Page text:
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January 10, 2019

BehindTheMedspeak: Old-people smell

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Long story short: it exists, and results from high levels of 2-Nonenol (above) produced by skin.

• Contrary to popular supposition, the so-called "old-person smell" is rated as less intense and less unpleasant than body odors of middle-aged and young individuals.

• In humans, a unique "old person smell' is recognized across cultures. This phenomenon is so acknowledged in Japan that there is a special word to describe this odor, kareishūh.

It was first characterized in a paper published in 2001, whose abstract is below.

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Human body odor consists of various kinds of odor components. Here, we have investigated the changes in body odor associated with aging. The body odor of subjects between the ages of 26 and 75 was analyzed by headspace gas chromatography/mass spectrometry. 2-Nonenal, an unsaturated aldehyde with an unpleasant greasy and grassy odor, was detected only in older subjects (40 y or older). Furthermore, analysis of skin surface lipids revealed that ω7 unsaturated fatty acids and lipid peroxides also increased with aging and that there were positive correlations between the amount of 2-nonenal in body odor and the amount of ω7 unsaturated fatty acids or lipid peroxides in skin surface lipids. 2-Nonenal was generated only when ω7 unsaturated fatty acids were degraded by degradation tests in which some main components of skin surface lipids were oxidatively decomposed using lipid peroxides as initiator of an oxidative chain reaction. The results indicate that 2-nonenal is generated by the oxidative degradation of ω7 unsaturated fatty acids, and suggest that 2-nonenal may be involved in the age-related change of body odor.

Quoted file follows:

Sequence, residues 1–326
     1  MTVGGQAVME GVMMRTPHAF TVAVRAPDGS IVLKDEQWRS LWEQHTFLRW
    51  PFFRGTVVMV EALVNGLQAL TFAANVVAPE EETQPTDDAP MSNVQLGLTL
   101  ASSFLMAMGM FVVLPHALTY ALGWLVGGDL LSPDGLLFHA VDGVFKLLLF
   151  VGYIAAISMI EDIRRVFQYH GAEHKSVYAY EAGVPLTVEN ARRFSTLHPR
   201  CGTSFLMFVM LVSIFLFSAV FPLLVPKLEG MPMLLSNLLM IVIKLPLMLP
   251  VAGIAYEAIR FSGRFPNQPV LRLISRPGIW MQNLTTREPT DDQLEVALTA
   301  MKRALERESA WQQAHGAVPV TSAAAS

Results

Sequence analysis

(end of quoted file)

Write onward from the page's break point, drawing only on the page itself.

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A study published in the British Journal of Dermatology in 2008 confirmed the earlier findings; the conclusions of that paper are below.

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The natural variation in nonaxillary skin odorants described in this study provides a baseline of compounds we have identified from both endogenous and exogenous sources. Although complex, the profiles of volatile constituents suggest that the two body locations share a considerable number of compounds, but both quantitative and qualitative differences are present. In addition, quantitative changes due to ageing are also present. These data may provide future investigators of skin VOCs with a baseline against which any abnormalities can be viewed in searching for biomarkers of skin diseases.

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Finally, an exhaustive study published in 2012, titled "The Smell of Age: Perception and Discrimination of Body Odors of Different Ages," concluded that "Humans are able to discriminate age based on body odor alone, and this effect is mediated mainly by body odors emitted by individuals of old age."

January 10, 2019 at 02:01 PM | Permalink


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